Related:What Is Data Tracing? How Does It Enhance Security?

The Five Attributes of a Data-Driven Organization

How do you actually extend data-based decision-making across the business? The answer hinges on implementing each of the following five capabilities:

1. Collecting all relevant data

For starters, being data-driven means having the capability to collect all relevant data from all sources.

This is important because making the best decisions often requires looking for patterns from across disparate data sets. For example, if you want to understand how to increase revenue, you might want to look at sales data, customer data, and finance data at the same time. If you look at these data sets separately, you miss important correlations and deprive yourself of optimal decision-making capabilities.

2. Seamless data integration

Collecting data from disparate sources is only the first step in being data-driven. Businesses must also be able to integrate all their data. Integration means merging data from diverse origins into a single location.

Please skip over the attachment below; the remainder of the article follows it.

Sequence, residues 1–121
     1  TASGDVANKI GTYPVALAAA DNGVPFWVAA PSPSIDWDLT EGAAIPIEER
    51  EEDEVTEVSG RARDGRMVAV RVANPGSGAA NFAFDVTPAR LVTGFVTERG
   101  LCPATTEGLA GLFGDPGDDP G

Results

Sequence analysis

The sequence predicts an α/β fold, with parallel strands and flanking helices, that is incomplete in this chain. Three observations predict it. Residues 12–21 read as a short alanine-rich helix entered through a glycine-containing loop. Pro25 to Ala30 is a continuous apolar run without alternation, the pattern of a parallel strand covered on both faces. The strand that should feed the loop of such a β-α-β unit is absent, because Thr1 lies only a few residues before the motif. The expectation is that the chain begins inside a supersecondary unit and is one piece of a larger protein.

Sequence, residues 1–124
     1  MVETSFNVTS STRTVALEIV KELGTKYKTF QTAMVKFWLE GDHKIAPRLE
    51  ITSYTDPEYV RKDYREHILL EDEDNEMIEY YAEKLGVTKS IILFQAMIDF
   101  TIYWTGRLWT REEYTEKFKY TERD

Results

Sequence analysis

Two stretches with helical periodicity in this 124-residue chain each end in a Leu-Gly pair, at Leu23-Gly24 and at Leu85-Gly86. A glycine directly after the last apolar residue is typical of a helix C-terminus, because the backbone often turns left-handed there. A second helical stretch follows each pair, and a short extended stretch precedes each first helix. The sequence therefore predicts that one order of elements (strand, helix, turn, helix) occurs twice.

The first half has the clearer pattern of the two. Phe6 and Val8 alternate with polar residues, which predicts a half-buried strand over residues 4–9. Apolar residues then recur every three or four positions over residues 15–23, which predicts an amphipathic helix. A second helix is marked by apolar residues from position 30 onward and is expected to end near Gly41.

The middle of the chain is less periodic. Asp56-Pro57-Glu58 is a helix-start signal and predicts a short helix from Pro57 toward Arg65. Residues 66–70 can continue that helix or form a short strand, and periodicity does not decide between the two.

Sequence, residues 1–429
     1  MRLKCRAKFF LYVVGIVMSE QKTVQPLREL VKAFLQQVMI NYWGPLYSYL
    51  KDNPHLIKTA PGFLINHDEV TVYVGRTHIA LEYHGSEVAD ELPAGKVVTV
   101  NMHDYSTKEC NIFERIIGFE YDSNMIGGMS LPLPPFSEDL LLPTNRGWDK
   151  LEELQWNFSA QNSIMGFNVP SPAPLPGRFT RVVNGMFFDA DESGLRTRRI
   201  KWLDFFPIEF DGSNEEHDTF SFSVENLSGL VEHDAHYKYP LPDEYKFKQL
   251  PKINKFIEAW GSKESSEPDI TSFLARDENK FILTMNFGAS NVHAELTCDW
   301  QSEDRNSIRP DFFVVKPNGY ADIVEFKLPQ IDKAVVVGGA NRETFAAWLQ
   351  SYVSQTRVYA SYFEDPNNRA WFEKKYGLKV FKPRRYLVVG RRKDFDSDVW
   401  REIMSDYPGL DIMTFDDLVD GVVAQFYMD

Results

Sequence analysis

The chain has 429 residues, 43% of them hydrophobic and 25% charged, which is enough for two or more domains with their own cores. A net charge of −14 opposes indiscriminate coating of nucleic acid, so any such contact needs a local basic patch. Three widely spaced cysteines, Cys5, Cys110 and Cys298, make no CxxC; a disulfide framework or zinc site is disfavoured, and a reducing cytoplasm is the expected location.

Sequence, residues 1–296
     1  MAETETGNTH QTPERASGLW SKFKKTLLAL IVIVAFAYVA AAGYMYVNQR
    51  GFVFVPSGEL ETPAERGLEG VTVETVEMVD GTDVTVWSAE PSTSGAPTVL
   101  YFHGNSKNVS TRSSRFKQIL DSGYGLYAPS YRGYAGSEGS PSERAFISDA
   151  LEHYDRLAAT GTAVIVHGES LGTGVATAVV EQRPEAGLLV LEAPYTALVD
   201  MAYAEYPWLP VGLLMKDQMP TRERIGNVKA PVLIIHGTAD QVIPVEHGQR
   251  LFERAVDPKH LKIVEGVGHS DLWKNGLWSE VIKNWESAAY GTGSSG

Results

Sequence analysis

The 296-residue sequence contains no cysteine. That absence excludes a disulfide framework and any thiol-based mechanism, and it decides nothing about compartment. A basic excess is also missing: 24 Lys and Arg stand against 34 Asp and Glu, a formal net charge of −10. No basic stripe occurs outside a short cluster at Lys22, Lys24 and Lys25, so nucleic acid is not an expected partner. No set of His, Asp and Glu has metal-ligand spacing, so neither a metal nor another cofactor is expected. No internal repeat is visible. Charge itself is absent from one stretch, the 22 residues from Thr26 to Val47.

Integration is important because it facilitates holistic analysis. When you integrate data, you can more easily identify trends that run across disparate data sources. This is harder to do if you have to analyze each data source separately due to your inability to integrate.

3. Effective data transformation

Sometimes, some or all the data you want to analyze originates in a form that is hard to work with. It might be stored in a database that your analytics tools don't support, for example, or you may have multiple data sets that are each structured in different ways, making it challenging to compare them effectively.